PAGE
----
“A child from Uganda, a teenager from the U.S. and an adult from Johns Creek are all part of one humanity under Christ,” said Christian Life Director Greg Lisson. As part of February’s Christian Life theme, “One Humanity,” Wesleyan partnered with the Sozo Ugandan Children’s Choir to bring a unique celebration of diversity to the community.
During the third week of February, Wesleyan hosted a group of 21 orphaned students and nine chaperones to lead chapel and engage in schoolwide activities. It did not take long for the Ugandan students to make a joyful presence around campus. For two days, the choir members brought smiles and songs to the hallways, engaging in a variety of activities from lower school lunch to high school chorus class.
After school, nine Wesleyan families graciously offered their homes to house the children and chaperones. Senior Ashton Cameron’s family hosted two girls and their teacher for a few days. She said, “We heard about the opportunity and volunteered to host. In the information we got, it was compared to a ‘mini mission trip’ for the host families. I think it will be a little taste of a missions experience brought to Wesleyan, and everyone will get to experience it together.”
The group of Ugandan students and chaperones traveled to all the way to Peachtree Corners as part of their tour of schools and churches across the United States to raise funds for their orphanage. Art teacher Meagan Brooker took charge of coordinating the event, as she heard about the organization through her friend and missionary Jon Brennan. “I heard that they were touring, so I jumped on the opportunity to invite them to Wesleyan,” said Brooker. “While here, they will attend classes, both ours and their own, eat lunch and hang out with students of all divisions. They are bringing handmade goods and musical CDs to raise money for their orphanage in Uganda.”
The Sozo mission is to empower Ugandan orphans with the tools and faith necessary to achieve a brighter future. “‘Sozo’ is a Greek word found in the New Testament, used often by Jesus, that means ‘to save,’ both in physical restoration and spiritual salvation” the organization explains on their website. Their goal is “saving children physically, emotionally and spiritually by giving them a place to call home.”
According to the Sozo website, over half of the population of Uganda is 15 years old or younger, as a result of extreme poverty and health risks. The organization’s current project, The Village Project, is raising support for the construction of a village complete with a school, clinic and Christian ministry. Through mission outreach and the Sozo Children’s Choir, they work to help these children by giving them loving homes and hope for a future. The choir, specifically, tours the United States in order to raise support for their mission and bring joy to communities like Wesleyan.
It is not every day that Wesleyan students get to interact with children their own age from a completely different part of the world. Brooker said, “I feel like it’s easy to get caught up in our own bubble so that we don’t see the lives of many who are underprivileged. This is a great way to gain perspective and to make connections culturally and relationally. It will bring in a level of diversity that we don’t see every day.”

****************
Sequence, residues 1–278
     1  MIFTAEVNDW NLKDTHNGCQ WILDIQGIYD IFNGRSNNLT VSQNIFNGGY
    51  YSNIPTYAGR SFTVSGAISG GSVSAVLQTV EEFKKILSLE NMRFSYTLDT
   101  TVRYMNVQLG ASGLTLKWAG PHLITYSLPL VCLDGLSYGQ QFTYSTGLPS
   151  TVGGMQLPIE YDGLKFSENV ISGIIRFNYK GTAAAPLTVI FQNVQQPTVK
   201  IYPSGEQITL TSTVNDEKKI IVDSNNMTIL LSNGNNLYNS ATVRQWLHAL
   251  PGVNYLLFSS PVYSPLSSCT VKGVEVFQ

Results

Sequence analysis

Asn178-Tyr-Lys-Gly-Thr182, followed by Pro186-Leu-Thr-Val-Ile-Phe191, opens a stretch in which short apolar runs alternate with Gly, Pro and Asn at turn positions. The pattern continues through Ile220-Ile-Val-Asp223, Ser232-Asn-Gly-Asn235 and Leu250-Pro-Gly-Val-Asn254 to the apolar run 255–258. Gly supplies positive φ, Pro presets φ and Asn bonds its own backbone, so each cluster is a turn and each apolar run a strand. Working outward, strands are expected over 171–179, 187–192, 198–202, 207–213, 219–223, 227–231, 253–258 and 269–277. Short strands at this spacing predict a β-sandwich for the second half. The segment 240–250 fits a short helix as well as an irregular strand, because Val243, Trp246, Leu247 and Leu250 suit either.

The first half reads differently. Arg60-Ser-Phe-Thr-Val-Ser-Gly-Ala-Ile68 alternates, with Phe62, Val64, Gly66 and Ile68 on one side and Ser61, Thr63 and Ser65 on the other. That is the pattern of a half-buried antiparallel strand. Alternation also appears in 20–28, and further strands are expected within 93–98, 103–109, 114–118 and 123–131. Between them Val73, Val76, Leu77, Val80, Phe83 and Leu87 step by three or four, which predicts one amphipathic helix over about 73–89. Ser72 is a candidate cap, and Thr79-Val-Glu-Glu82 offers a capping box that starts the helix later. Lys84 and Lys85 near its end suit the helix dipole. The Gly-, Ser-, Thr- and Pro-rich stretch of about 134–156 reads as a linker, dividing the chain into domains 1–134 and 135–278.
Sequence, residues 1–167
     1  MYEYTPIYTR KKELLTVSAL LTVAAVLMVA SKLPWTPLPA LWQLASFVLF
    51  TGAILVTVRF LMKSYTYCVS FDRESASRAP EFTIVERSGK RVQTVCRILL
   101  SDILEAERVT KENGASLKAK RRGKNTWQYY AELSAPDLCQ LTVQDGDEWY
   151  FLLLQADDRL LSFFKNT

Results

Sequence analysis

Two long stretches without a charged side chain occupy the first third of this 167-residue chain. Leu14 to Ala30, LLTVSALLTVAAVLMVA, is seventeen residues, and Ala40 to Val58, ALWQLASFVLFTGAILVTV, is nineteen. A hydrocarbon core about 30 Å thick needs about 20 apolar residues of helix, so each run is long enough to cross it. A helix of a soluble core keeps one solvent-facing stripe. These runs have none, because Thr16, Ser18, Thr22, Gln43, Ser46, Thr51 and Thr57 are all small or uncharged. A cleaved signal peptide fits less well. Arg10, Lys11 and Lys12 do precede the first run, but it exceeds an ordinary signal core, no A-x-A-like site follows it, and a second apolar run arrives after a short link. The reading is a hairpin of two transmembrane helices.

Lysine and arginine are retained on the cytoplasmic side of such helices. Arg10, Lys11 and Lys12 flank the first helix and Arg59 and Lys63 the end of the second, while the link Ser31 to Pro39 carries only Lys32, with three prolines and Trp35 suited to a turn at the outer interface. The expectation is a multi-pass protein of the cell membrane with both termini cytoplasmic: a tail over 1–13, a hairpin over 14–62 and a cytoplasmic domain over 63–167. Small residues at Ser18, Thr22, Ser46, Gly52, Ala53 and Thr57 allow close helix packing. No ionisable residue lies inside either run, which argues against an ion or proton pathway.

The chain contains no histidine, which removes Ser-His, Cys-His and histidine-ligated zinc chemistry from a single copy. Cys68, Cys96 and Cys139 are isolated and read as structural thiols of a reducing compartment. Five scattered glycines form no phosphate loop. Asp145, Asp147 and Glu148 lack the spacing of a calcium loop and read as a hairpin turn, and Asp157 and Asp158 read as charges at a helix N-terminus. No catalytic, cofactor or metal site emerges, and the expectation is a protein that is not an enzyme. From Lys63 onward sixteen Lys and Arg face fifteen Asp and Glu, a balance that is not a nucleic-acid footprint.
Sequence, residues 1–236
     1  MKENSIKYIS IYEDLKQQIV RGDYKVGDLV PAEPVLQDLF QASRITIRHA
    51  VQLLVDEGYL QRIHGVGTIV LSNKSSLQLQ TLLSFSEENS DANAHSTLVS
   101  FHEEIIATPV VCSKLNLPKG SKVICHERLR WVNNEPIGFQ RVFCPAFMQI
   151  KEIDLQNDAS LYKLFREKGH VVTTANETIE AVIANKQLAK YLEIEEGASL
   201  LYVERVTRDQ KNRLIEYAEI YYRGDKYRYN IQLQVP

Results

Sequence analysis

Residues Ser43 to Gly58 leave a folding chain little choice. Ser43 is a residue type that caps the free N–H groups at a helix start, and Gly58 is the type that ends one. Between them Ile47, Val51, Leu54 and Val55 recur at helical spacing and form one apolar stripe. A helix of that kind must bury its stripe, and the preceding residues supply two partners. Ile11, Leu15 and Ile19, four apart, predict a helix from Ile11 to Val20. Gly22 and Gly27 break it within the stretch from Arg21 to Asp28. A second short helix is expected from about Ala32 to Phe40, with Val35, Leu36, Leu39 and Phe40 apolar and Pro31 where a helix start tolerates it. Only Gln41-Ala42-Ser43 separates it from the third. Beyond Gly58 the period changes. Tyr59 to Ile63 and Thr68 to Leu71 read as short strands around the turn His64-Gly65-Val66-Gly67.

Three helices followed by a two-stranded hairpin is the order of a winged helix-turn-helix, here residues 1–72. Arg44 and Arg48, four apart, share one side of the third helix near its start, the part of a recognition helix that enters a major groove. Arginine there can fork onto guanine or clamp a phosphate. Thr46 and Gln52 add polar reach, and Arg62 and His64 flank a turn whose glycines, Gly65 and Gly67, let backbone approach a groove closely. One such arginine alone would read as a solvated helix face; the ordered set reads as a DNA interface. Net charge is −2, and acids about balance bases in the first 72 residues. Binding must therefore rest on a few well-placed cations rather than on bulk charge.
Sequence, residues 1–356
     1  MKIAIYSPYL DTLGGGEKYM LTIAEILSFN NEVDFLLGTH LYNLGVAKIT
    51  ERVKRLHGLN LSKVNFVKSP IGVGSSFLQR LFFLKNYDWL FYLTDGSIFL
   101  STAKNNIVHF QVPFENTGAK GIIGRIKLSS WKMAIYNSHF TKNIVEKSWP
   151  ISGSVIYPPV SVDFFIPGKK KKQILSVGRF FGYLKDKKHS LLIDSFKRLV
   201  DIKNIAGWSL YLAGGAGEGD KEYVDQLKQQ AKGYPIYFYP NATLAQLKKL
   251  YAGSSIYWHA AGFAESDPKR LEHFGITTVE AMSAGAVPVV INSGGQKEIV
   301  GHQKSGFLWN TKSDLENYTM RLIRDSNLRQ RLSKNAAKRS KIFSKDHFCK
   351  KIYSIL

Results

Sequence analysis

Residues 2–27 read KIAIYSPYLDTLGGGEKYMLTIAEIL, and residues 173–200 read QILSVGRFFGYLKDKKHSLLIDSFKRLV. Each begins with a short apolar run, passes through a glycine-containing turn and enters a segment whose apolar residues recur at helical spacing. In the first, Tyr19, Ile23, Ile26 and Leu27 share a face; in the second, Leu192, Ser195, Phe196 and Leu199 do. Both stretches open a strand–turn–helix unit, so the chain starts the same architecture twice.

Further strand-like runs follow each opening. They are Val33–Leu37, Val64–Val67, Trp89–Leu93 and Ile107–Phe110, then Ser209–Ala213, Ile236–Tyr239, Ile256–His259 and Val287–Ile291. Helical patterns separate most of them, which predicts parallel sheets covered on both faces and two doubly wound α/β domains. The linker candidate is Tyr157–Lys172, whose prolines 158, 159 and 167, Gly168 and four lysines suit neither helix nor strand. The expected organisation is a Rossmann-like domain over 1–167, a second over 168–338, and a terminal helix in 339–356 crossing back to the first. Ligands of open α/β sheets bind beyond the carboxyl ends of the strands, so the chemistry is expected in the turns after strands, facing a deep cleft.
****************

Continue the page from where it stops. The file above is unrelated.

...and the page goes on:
In the days leading up to Winter Break, many students and teachers were anticipating the Ugandan choir’s arrival. Chapel band member and sophomore Braden Thorne said, “I’m really excited for the Sozo Choir to come to Wesleyan because I think the new energy will help us see worship in a whole new light. I can’t wait to experience God through their perspective, and I am really looking forward to meeting them and hearing their stories.”
The Sozo Children’s Choir seeks to not only bring joy to various Christian communities but also to raise awareness about the grave reality for many children living in deep poverty in Uganda. Their slogan, “All Children Thriving. All Communities Transformed. All for God’s Glory,” illustrates the important idea that with God’s love, all things are possible. Through their chapel performances, students of all grades were reminded of the power of prayer and the necessity of kindness for God’s children across the globe.
When asked about Sozo Choir’s impact on the Christian Life theme, Lisson said, “This is one of the best representations of what we are talking about in chapel this month: ‘one humanity.’ It is a reminder that the Gospel is for all people, and Christ came to save all people from every different nation, tribe and tongue across the globe.”
After spending time with the choir members for two days, the Wesleyan family embraced a group of strangers with immense excitement and generosity. The Sozo orphans have struggled with heartbreaking childhoods, but thanks to the grace of God and the loving home of Sozo, they radiate joy and inspire others to share a positive outlook on life. From their visit, Wesleyan students have seen first hand the truth of “one humanity” and the endless love of Christ for every one of his children.
Lisson summed up the Sozo Choir visit when he said, “I think it is a phenomenal experience for Wesleyan. Even if they can’t come back in the future, I think events like this are a great opportunity for our school and community. I hope we can bless them as much as they bless us—a mutual encouragement.”